The Ontario Securities Commission has proposed a new rule that would require companies to report annually on their policies to add more women to their boards and executive ranks.
The new rules unveiled Thursday will also require companies to report on their term limits for directors, which proponents argue will help ensure there is more board turnover so new directors – including women – can be added to the mix.
Companies are also being asked to report on whether they have voluntarily adopted targets for women on their boards or in executive roles.
The new rule, which is open for public comment until April 16, follows a "comply or explain" model that the OSC indicated last year it favours for its gender diversity standards. Such a model does not require companies to add women to their boards or adopt a diversity policy, but requires them to explain why they have opted not to comply with the recommendation.
Although some critics have said a "comply or explain" approach will not be strong enough to convince companies to make significant board changes, OSC chairman Howard Wetston said he believes a voluntary approach can spur change without the need for stronger rules such as mandatory quotas.
"While there are other tools, obviously, I actually think it's unnecessary at this stage," he said Thursday.
Mr. Wetston said many of Canada's other corporate governance guidelines also use a "comply or explain" model – such as guidelines to have a majority of independent directors on boards – and they have led to change. "That's what we have been relying on in this area, and I do believe corporate governance has improved as a result."
Although the rules are being adopted only by Ontario's securities regulator, they will have wide application in Canada because they will apply to all companies listed on the Toronto Stock Exchange.
Alex Johnston, executive director of women's advocacy group Catalyst Canada, which has called for rule changes to get more women on boards, said the OSC's proposal is "a great Canadian model" that suits the country's corporate culture. It makes the standards voluntary, but includes enough "meaty" detailed reporting requirements to ensure it pushes companies to look seriously at their diversity practices, she said.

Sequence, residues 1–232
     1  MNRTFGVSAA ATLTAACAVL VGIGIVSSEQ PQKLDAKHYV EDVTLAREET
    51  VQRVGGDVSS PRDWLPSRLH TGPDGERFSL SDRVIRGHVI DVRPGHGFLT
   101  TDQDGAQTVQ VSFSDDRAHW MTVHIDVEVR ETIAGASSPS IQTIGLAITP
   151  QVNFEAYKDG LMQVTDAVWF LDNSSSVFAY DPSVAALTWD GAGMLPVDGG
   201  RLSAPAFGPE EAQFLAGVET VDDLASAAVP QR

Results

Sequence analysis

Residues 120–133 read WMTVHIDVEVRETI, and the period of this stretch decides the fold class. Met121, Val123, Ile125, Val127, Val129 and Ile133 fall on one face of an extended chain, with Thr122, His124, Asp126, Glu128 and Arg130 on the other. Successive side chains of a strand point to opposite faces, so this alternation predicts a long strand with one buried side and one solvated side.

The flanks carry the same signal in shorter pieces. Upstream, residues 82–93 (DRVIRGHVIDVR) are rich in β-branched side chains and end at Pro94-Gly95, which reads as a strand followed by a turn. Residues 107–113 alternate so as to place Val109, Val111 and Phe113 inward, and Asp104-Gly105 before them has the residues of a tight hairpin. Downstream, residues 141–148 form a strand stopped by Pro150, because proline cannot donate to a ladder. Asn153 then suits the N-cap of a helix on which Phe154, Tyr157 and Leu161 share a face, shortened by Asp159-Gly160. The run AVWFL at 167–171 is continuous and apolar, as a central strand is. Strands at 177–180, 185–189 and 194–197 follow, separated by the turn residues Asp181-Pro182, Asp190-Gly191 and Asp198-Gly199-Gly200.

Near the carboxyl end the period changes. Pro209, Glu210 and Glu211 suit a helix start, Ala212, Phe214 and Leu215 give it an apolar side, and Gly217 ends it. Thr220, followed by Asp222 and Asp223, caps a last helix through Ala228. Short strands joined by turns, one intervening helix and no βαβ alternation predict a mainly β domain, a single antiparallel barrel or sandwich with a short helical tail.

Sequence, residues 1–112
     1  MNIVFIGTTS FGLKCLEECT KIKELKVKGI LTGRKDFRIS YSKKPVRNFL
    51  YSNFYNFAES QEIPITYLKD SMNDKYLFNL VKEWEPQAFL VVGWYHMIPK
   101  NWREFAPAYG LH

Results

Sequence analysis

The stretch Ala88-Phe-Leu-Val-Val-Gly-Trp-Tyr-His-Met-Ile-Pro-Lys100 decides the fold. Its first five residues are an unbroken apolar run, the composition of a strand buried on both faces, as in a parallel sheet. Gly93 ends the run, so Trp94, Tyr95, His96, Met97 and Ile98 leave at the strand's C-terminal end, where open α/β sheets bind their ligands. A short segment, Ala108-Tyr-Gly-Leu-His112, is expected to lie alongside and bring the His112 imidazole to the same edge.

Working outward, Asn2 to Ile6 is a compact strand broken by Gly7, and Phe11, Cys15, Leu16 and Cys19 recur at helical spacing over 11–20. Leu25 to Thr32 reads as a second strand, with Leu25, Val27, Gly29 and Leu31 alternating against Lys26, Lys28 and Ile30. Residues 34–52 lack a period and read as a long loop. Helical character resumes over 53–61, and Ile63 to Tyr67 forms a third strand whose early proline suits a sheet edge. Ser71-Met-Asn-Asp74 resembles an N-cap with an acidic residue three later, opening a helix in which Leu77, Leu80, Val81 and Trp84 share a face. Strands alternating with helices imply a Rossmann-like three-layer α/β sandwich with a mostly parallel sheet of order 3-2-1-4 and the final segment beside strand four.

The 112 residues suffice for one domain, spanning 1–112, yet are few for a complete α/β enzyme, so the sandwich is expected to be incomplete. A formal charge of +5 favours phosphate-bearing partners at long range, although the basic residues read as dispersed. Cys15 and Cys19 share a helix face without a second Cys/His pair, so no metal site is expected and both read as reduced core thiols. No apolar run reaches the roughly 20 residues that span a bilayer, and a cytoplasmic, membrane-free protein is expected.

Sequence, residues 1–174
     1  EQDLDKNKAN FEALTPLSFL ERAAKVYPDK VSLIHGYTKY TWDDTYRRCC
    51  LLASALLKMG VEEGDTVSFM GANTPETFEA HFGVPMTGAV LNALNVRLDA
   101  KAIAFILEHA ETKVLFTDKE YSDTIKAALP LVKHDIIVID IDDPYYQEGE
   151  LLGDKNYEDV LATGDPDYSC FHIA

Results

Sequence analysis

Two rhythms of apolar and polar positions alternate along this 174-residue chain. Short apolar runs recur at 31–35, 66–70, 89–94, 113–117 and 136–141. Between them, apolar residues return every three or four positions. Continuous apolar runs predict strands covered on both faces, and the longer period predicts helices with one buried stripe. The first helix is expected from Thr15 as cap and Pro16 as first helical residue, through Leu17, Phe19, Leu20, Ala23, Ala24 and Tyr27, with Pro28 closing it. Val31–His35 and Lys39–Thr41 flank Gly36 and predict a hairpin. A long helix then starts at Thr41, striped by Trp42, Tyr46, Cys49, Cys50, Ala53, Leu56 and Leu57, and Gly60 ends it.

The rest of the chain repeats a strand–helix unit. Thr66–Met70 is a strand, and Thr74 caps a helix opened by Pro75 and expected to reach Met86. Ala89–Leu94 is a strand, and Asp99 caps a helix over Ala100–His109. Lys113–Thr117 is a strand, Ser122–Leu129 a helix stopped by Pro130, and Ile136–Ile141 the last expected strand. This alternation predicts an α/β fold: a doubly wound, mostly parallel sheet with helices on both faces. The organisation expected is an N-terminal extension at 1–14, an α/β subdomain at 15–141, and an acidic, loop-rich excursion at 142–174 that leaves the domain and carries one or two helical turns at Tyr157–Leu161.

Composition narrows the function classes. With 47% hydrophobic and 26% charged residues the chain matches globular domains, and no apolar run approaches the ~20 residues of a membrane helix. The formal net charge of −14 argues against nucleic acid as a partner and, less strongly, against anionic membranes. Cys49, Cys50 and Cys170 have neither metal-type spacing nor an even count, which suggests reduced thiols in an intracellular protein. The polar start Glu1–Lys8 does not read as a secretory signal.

"I think they nailed it," Ms. Johnston said. "I think they understand the Canadian corporate culture, where we're at right now, and I think they've chosen an approach that for now works well."
Ms. Johnston said it is important that the OSC intends to review the rule in three years to assess its effectiveness, which creates a time frame for companies to show progress on the issue or potentially face more proscriptive OSC rules.
Mr. Wetston said the three-year review is good practice and was not intended as a deadline, but "if public companies see that as a three-year deadline, that's a good thing."
The OSC announced last July that it intended to introduce a new rule for women on boards after being asked by the province's Liberal government to consider new regulation. The government has argued that research shows more gender diversity in corporate leadership is correlated with better corporate performance.
Women currently comprise about 12 per cent of directors on the boards of Canada's largest companies in the S&P/TSX composite index, a number that barely changed from 11 per cent two years earlier.
Stephen Erlichman, executive director of the Canadian Coalition for Good Governance, which represents most of Canada's largest institutional investors, said his members support having a comply or explain rule for diversity on boards, but said the OSC should expand the rule to also cover smaller companies listed on the TSX Venture Exchange.
The CCGG would also like the OSC to give shareholders more power to propose or negotiate new nominees for boards, he said. "That in and of itself would improve gender diversity," he said.
The OSC also surveyed about 1,000 companies listed on the TSX about their diversity. Of the 448 companies that replied, 57 per cent said they had no female directors and only 3 per cent said they had three female directors. Women held less than 10 per cent of executive officer positions at 53 per cent of the companies.
Over 80 per cent of the companies said they do not publicly disclose the proportion of women in the organization or in executive officer positions, and 82 per cent said they do not have a policy on director term limits. More than 90 per cent said they do not have a policy for the identification or nomination of female directors, and 94 per cent said they had no targets for the representation of women on the board or in executive roles.